Eating habits and behaviors

Eating habits and behaviors


Food gives our bodies the energy we need to function. For many people, changing eating habits is very hard.

You may have had certain eating habits for so long, you do not think much about them. Or you do not even realize they are unhealthy.

Keep a Journal

A food journal is a good tool to help you learn more about your eating habits.

  • Keep a food journal for 1 week.
  • Write down what you eat, how much, and what times of day you are eating.
  • Include notes on what else you were doing and how you were feeling, such as being hungry, stressed, tired, or bored. For example, maybe you were at work and were bored. So you got a snack from a vending machine.

At the end of the week, review your journal and look at your eating patterns. Decide which habits you want to change. Setting goals is the best way to make new habits stick. Take small steps toward these improvements so they become long-term habits. Do NOT overwhelm yourself with too many goals.

Also, recognize the healthy habits you already have and feel good about them. Many people focus only on their poor habits. This can make you feel stressed and give up trying to change. So don't judge your behaviors too harshly.

Some of your new, healthier habits might include:

  • Drink skim or low-fat (1%) milk instead of 2% or whole milk.
  • Eat fruit for dessert instead of cookies (or skip dessert all together).
  • Schedule times to eat your meals and snacks.
  • Plan and prepare healthy meals and snacks to increase your chance of success. Keep healthy snacks at work. Pack healthier lunches that you make at home.
  • Pay attention to your feelings of hunger. Recognize the difference between physical hunger and habitual eating.

Now Reflect

Think about what triggers or prompts may be causing some of your eating habits.

  • Is there something around you that makes you eat when you are not hungry, or prompts you to make less healthy food choices?
  • Does the way you feel make you want to eat?

Look at your journal and circle any regular or repetitive triggers. Some of these might be:

  • Seeing your favorite snack in the pantry or vending machine
  • Watching television
  • Feeling stressed by something at work or in another area of your life
  • Having no plan for dinner after a long day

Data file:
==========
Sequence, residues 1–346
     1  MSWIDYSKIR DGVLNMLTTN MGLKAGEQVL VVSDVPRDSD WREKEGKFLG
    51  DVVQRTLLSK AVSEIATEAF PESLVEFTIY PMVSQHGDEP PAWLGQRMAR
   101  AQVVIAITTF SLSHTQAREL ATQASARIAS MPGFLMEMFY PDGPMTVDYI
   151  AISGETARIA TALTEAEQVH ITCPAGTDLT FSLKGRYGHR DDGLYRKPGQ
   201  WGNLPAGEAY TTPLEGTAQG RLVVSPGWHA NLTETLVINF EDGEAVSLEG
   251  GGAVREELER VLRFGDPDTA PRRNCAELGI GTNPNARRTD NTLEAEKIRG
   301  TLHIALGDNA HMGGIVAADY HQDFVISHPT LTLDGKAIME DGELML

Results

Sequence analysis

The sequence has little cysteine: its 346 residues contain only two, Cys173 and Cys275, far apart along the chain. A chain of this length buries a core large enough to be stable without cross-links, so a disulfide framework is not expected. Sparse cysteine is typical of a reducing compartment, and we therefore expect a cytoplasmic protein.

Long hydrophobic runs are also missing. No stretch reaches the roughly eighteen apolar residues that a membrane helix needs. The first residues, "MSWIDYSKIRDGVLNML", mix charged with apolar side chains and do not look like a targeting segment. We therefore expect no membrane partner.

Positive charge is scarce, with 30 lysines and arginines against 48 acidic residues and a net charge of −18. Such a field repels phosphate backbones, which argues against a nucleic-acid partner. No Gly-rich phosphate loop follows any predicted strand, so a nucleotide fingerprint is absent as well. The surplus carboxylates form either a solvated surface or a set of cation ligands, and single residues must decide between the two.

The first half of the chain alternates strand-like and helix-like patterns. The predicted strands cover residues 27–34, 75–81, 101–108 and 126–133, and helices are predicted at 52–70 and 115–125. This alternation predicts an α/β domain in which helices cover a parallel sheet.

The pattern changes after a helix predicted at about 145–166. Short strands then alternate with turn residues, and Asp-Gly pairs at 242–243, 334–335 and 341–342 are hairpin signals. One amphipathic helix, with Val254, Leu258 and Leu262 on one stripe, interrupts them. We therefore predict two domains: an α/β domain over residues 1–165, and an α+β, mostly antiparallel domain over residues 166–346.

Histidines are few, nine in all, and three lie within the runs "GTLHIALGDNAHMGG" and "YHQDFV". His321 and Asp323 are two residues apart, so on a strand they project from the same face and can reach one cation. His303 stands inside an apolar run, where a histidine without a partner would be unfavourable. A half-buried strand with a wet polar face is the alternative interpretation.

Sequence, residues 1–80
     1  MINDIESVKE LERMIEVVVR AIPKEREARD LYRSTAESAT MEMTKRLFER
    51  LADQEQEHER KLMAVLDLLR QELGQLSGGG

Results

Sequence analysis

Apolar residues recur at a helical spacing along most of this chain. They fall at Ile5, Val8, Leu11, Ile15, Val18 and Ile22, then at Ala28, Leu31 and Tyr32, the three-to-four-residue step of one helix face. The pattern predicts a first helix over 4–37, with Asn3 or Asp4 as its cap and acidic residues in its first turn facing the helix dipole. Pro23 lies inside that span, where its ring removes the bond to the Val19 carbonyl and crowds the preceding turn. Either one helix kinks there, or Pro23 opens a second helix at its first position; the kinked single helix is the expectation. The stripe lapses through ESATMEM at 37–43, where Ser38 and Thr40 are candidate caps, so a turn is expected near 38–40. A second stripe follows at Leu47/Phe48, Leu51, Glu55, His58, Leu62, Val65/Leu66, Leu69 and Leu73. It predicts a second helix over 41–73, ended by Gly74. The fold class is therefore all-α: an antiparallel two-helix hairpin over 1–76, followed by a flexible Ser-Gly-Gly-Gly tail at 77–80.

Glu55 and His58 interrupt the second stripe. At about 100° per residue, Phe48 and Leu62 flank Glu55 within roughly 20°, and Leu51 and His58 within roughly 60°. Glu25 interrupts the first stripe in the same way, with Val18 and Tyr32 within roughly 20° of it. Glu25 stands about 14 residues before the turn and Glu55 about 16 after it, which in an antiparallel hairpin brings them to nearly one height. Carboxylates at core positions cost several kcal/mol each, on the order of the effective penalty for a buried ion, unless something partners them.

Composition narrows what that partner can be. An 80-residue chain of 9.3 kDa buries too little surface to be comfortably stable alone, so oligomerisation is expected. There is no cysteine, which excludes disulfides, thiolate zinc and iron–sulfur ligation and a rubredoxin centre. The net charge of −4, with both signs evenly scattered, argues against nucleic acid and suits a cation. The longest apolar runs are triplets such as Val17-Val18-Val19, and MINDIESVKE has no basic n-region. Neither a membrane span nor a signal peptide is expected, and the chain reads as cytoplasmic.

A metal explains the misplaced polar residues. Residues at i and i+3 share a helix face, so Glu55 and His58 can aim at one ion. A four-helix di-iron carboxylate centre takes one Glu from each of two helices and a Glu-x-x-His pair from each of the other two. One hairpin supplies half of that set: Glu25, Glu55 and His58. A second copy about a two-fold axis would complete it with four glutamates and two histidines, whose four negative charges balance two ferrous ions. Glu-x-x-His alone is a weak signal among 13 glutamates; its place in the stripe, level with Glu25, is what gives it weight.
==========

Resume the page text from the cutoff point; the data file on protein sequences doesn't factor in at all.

• Going to work events where food is served
  • Stopping at fast-food restaurants for breakfast and choosing high fat, high calorie foods
  • Needing a pick-me-up toward the end of your workday

Start by focusing on one or two triggers that occur most often during your week. Think about what you can do to avoid those triggers, such as:

  • Do NOT walk past the vending machine to get to your desk, if possible.
  • Decide what you will have for dinner early in the day so that you have a plan after work.
  • Keep unhealthy snacks out of your house. If someone else in your household buys these snacks, devise a plan to keep them out of sight.
  • Suggest having fruit and vegetables, instead of sweets, during workplace meetings. Or bring healthier selections in yourself.

Replace Unhealthy Habits with New Healthy Ones

Once you have changed one or two old unhealthy habits, try changing one or two more.

  • Avoid skipping meals, especially breakfast.
    • An old saying goes: "Eat breakfast like a king, lunch like a prince, and dinner like a pauper." Breakfast sets the tone for your day. A hearty, healthy breakfast will give your body the energy it needs to get you to lunch.
    • Don't let yourself get too hungry. Missing regular meals and snacks often leads to overeating or making unhealthy food choices.
  • Enjoy a good lunch that will satisfy you, and a healthy afternoon snack that will keep you from becoming too hungry before dinner.
  • Find healthy choices for snacks and divide them up in ways that work with your daily schedule.
    • If you eat candy at the end of the day for energy, have a cup of herbal tea and a small handful of almonds instead.
    • Eat fruit and yogurt in the mid-afternoon, about 3 or 4 hours after lunch.
  • Eat slowly. Eating too quickly leads to overeating.
    • Give the food you eat time to reach your stomach so that your brain can recognize that you are full. If you feel stuffed about 20 minutes after you stop eating, you may be eating to quickly.
    • Put down your fork between bites. Wait until you have swallowed your mouthful of food before taking another bite.
  • Eat only when you are hungry.
    • Find other coping mechanisms besides eating. When you feel worried, tense, or bored, call a friend or go for a walk to help you feel better.
    • Give yourself time to relax from daily stressors. Taking a mental or physical break may help you feel better, without turning to food for comfort.
  • Plan your meals. Knowing what you will eat ahead of time can help you avoid buying unhealthy foods (impulse buying).
  • Control your portion sizes. It is hard to eat only a few chips when the whole bag is in front of you. So put a few chips into a bowl, and put the bag away. Do this with other packaged foods as well.
  • Get rid of your unhealthy stashes of food, at home and at work. For instance, replace your candy dish with a bowl of fruit or nuts.

Practice Helps

It may take a while before you can turn your unhealthy habits into new, healthy ones. Remember, it took you a while to form your habits, and it may take just as long to change them. Do not give up.

If you start an old habit again, think about why you went back to it. Try again to replace it with a new habit. One slip does not mean you are a failure. Keep trying!

Review Date:5/10/2013

Reviewed by:Neil K. Kaneshiro, MD, MHA, Clinical Assistant Professor of Pe diatrics, University of Washington School of Medicine. Also reviewed by David Zieve, MD, MHA, Bethanne Black, and the A.D.A.M. Editorial team.

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